On the charge

Representatives of the International Monetary Fund (IMF) are on a two-week trip in Sri Lanka to review the country’s loan programme. The nation is in the midst of the worst economic crisis in its history and received a $3bn (€2.8 bn) bailout from the IMF earlier this year after it defaulted on its debts in 2022. High inflation and shortages of essential goods have caused widespread unrest, forcing prime minister Mahinda Rajapaksa to resign in May last year.

The first $330m (€309m) instalment of the loan came in March this year and though the support is vital, it is no silver bullet. The causes of the current crisis are multiple, from the effects of the coronavirus pandemic to a misguided ban on chemical fertilisers and general economic mismanagement. Analysts have expressed concern that the IMF-guided restructuring plan is not rigorous enough to solve Sri Lanka’s debt issues and prevent another collapse.

Literature / Kenya

Write of passage

Today marks the start of the Macondo Literary Festival in Nairobi, which runs until Sunday. For this year’s iteration, organisers aim to bring together African authors writing in Arabic, English, French, Portuguese and Spanish for the first time in its history. “The festival is about African confluences,” Yvonne Adhiambo Owuor, co-founder of the event and an award-winning Kenyan author, tells The Monocle Minute. “It’s a convergence of people drawn from the continent’s diverse imagination streams, who meet like-minded individuals for a few days of talks.” Macondo follows a recent run of literary events in the capital, including the Afrika Redefined Indie Book Prize, the Nairobi Literary Festival and the forthcoming Nairobi International Book Fair. With more events on the horizon, Kenya seems to be cementing its status as a major literary hub in Africa.

Beyond the Headlines

Picture of the week / Morocco

Making a mark

Artists for Morocco is a collective of 27 Moroccan creatives led by GQ Middle East international editor Samira Larouci, photographer Anass Ouaziz and designer Ismail Elaaddioui, who joined forces this week to raise money for earthquake relief. The proceeds of a newly launched print sale set up by the artists will be donated to local NGOs and charities working to provide aid supplies to victims as well as ground assistance to those stuck in remote villages. The artists’ work offers insightful snapshots of Moroccan life.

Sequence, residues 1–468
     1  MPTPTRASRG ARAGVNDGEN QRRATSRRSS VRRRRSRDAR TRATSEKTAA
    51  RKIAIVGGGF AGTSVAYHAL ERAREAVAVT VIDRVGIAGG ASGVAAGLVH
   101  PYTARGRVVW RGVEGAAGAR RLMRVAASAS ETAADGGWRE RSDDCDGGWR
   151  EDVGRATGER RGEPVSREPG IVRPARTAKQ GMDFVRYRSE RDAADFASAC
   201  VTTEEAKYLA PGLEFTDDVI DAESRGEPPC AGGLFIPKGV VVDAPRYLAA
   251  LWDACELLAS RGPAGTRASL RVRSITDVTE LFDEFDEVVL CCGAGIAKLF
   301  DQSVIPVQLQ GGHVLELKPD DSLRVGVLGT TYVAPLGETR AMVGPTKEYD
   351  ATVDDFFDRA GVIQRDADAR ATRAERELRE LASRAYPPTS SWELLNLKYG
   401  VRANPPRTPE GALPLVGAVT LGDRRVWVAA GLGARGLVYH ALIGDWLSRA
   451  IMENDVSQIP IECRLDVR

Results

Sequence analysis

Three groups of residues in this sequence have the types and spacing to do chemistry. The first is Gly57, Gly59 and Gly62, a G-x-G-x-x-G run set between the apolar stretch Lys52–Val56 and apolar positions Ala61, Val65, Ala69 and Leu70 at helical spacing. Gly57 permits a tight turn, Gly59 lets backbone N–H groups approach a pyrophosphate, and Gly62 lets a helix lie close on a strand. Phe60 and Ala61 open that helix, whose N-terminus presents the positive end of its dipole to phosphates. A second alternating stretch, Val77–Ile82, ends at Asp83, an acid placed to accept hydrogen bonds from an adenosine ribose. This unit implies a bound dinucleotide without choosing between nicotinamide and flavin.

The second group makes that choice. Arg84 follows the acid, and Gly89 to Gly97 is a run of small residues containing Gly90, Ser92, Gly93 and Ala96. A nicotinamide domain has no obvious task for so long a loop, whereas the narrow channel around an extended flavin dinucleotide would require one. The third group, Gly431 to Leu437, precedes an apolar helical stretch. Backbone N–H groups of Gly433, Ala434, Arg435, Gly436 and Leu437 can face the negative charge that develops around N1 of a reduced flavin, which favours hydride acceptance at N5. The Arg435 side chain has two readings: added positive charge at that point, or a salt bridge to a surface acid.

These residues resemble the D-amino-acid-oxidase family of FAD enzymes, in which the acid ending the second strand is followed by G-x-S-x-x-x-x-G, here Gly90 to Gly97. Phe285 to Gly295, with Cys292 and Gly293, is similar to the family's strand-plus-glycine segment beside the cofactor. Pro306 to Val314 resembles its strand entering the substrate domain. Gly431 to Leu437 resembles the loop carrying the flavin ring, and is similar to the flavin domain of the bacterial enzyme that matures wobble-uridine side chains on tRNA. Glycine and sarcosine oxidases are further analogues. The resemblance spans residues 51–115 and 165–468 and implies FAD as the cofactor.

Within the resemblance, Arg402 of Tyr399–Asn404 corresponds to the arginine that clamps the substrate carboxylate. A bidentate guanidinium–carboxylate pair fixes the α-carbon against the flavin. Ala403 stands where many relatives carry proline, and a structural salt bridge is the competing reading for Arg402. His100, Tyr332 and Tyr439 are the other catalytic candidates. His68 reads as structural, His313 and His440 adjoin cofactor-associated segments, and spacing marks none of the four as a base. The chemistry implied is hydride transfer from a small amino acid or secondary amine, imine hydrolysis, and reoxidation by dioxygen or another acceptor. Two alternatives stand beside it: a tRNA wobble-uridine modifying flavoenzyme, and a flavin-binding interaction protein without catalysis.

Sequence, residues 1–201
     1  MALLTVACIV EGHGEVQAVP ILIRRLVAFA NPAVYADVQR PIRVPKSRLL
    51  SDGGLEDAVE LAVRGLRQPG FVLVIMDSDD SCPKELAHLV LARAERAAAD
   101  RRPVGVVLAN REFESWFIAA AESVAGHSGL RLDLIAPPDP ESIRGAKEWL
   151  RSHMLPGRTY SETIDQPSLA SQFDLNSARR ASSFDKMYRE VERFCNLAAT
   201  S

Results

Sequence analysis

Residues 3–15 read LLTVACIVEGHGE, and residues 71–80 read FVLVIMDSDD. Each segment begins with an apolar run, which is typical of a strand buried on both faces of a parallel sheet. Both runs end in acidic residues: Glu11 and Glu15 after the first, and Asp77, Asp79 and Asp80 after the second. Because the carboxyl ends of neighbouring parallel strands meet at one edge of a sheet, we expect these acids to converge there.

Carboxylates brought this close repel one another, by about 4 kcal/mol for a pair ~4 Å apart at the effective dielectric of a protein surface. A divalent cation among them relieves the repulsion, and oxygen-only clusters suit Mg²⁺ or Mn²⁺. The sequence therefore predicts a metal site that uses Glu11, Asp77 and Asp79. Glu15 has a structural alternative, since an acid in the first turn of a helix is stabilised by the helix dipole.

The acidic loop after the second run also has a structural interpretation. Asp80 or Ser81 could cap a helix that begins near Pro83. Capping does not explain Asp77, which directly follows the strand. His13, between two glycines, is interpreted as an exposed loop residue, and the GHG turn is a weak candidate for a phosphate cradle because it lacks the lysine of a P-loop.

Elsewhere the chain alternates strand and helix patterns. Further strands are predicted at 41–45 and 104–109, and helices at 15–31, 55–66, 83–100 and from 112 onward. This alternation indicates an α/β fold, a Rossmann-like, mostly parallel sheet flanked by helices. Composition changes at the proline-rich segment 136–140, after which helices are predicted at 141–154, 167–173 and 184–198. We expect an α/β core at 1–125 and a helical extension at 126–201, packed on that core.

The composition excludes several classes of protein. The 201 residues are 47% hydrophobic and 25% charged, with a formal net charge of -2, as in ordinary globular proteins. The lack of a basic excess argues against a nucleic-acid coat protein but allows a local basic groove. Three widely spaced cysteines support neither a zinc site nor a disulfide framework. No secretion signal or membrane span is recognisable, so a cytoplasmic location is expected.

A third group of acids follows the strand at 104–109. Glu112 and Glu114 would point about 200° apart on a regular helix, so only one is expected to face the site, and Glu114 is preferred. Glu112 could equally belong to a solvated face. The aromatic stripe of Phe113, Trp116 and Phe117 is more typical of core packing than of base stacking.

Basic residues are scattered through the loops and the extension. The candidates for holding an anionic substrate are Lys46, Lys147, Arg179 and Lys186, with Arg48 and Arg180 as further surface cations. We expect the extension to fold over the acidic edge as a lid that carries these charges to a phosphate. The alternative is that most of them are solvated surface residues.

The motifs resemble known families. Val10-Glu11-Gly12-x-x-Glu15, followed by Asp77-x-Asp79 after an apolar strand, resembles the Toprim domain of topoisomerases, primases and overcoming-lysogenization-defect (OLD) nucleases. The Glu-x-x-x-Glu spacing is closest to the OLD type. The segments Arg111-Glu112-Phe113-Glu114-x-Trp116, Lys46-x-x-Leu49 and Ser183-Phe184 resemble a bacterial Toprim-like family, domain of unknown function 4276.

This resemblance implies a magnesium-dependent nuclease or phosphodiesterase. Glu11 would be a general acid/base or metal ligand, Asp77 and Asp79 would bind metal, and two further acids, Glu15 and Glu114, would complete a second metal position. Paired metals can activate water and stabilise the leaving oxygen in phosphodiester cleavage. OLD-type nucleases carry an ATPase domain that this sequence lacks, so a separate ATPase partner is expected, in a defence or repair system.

‘At the swimming pool’ by Ilyes Griyeb

Image: Ilyes Griyeb, Iman Zaoin, Hanane El Ouardani

‘On the way to the cemetery, Mouna picks some poppies’ by Iman Zaoin

Image: Ilyes Griyeb, Iman Zaoin, Hanane El Ouardani

‘Unpeeled sunflower seeds’ by Hanane El Ouardani

Image: Ilyes Griyeb, Iman Zaoin, Hanane El Ouardani
Image: Sanna Lehto

Monocle Radio / The Entrepreneurs

Finland Special: Kyrö and Sees

Meet Miika Lipiäinen, co-founder of the award-winning Kyrö Distillery Company, which he launched with his friends after hatching the idea in the most Finnish of locations, the sauna. Plus: how the Fukushima disaster inspired Elisa Koivumaa, founder and CEO of Sees, to start the household cleaning-products and cosmetics brand that uses all-natural ingredients.


sign in to monocle

new to monocle?

Subscriptions start from £120.

Subscribe now





Monocle Radio

00:00 01:00